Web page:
HomeFootballJude McAtamney takes Giants step on way to living his dream in...

Jude McAtamney takes Giants step on way to living his dream in the NFL

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The Derry under 20 crew of 2018 was particularly successful in that regard. They were a strong group, good enough to win Ulster, but there was no hint of what was to come. A staggering 15 of them have played senior for Derry at some stage since.

Another two, Anton Tohill and Callum Brown, were picked up by the AFL. Tohill is back home but made a senior appearance for Collingwood before returning, something around half of Irish exports never manage.

Brown, also once on the books of Linfield, is going from strength to strength with the Greater Western Sydney Giants with 13 goals already this season, good enough to put him in the top 10 on that metric.

But this week, that group crossed an altogether different sporting rubicon. Jude McAtamney was on that side. Now he’s a New York Giant.

It’s a peculiar tale of bonhomie and chance, talent and perseverance that led him from football stronghold Swatragh to the MetLife Stadium, home of the Giants.

​As with many modern tales, this one starts on social media when the Derry man reached out to a Kerry man. McAtamney congratulated David Shanahan on winning a place on Georgia Tech’s team and asked to pick his brain. “Well done on your scholarship! I’m a keen kicker of the ball myself and I was wondering if you had any tips on how to approach the guys at ProKick Australia? Thanks”

ProKick are a coaching outfit who have had considerable success placing punters and kickers, usually not from an American football background, with colleges and teams in the US.

Derry-born Jude McAtamney. Picture: @Michael_NFL X screengrab

Shanahan passed on footage of McAtamney booting footballs around Swatragh. ProKick were sufficiently impressed and urged him to travel with Shanahan to the US to work with a coach there. The only issue was that this came at the height of Covid restrictions. And the pair, as a sort of Gaelic football fraternity, had to be creative. They travelled to Serbia and after 14 nights of their version of quarantine in Belgrade, where they spent their time kicking balls around whatever park they could find in front of confused locals, they were cleared to enter the US.

They worked together with a ProKick coach in Utah. McAtamney impressed enough that they placed him with a division two school, the Chowan Hawks in North Carolina. That was a short-term fix to get him live snaps and real-world exposure. From there he headed to Australia to work with ProKick some more. But when money ran out he had to return home and wait and hope.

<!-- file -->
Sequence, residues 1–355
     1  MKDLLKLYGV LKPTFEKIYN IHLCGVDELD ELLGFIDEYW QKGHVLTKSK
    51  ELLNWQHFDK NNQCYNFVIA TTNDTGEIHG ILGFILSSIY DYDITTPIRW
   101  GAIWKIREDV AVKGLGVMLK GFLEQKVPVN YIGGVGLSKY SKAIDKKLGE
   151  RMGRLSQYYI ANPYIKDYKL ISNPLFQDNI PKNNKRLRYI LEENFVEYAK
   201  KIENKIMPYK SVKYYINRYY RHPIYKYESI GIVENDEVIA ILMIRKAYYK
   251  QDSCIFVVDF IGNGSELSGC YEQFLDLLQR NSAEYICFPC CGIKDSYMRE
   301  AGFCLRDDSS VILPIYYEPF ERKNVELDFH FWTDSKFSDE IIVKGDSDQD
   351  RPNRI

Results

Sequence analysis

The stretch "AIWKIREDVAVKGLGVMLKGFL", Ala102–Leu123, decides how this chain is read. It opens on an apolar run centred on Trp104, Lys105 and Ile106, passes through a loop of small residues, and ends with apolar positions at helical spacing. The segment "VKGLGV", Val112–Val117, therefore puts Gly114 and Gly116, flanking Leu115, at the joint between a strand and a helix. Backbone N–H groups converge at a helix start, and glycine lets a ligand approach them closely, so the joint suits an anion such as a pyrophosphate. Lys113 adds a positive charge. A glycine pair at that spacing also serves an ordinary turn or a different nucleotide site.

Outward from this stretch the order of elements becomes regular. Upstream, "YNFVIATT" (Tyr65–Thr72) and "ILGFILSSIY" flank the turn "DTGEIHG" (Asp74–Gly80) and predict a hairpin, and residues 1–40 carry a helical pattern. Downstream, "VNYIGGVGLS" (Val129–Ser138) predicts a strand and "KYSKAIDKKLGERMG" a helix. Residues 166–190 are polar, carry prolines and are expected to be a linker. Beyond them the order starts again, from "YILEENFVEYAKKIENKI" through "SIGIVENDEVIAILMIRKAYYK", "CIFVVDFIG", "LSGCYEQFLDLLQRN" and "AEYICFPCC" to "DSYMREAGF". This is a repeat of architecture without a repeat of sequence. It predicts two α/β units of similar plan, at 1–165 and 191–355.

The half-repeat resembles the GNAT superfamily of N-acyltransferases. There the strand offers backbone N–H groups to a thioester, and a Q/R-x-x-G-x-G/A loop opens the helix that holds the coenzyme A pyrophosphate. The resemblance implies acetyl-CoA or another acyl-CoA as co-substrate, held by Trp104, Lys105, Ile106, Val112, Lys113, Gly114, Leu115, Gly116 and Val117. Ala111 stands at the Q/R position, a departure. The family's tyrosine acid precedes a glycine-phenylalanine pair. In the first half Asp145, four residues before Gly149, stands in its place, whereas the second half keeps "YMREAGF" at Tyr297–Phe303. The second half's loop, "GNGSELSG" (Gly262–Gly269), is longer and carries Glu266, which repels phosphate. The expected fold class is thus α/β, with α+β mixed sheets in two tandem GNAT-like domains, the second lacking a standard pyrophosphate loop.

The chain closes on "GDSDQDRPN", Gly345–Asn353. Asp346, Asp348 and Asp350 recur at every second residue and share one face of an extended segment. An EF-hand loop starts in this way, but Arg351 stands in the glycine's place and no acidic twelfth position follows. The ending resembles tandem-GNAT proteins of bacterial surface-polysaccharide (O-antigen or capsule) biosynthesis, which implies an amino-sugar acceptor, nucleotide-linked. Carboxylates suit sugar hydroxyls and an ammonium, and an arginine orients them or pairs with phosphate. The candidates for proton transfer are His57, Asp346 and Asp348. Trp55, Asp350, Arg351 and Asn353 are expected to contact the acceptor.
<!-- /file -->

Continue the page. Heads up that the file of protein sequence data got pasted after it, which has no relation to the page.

Around that time, Swatragh wondered if he’d come back out to play. It wasn’t easy to say no, to explain that you’re chasing something many couldn’t understand, especially as scholarship offers were dangled and gone just as quickly. But eventually, something stuck. New Jersey-based Rutgers offered him a chance and McAtamney was on his travels again.

There he played high-level stuff and got his eyes opened to the true scale of the college game in the US. There were 104,000 in the stadium when they travelled to play Ohio State in 2022 and 109,000 in Michigan last year.

Speaking to Michael McQuaid on the Pro Football Ireland show, McAtamney admitted that his college career alone wasn’t enough to get picked up. But he impressed at Rutgers’ Pro Day — where NFL scouts are invited to examine prospects up close — and was good enough to earn an invite to train with both local teams, the Jets and the Giants.

From there he blew the roof off. With the Giants he was perfect, going 10/10 on field goals, including two from 57 yards. Scouts place huge value on being able to deliver in those high-pressure environments, where potentially life-changing jobs are on the line. And the following day McAtamney doubled down with the Jets and landed nine from 10.

And then it was back to waiting. The Giants kept in touch most but it was only after the conclusion of the Draft that the fog cleared and they offered him a deal to cap a remarkable journey. He joins an international kicking department with incumbent kicker and punter Graham Gano and Jamie Gillan both hailing from Scotland.

But it’s a notoriously cut-throat world. Kickers can, and often are, dispensed with mid-season. When the camps start up in July, he’ll be up against Gano, one of the top paid kickers in the league, for the main job. It’s a massive mountain to scale but considering the road he’s travelled from a hopeful message all the way to a deal with the Giants, McAtamney is already well on his way.

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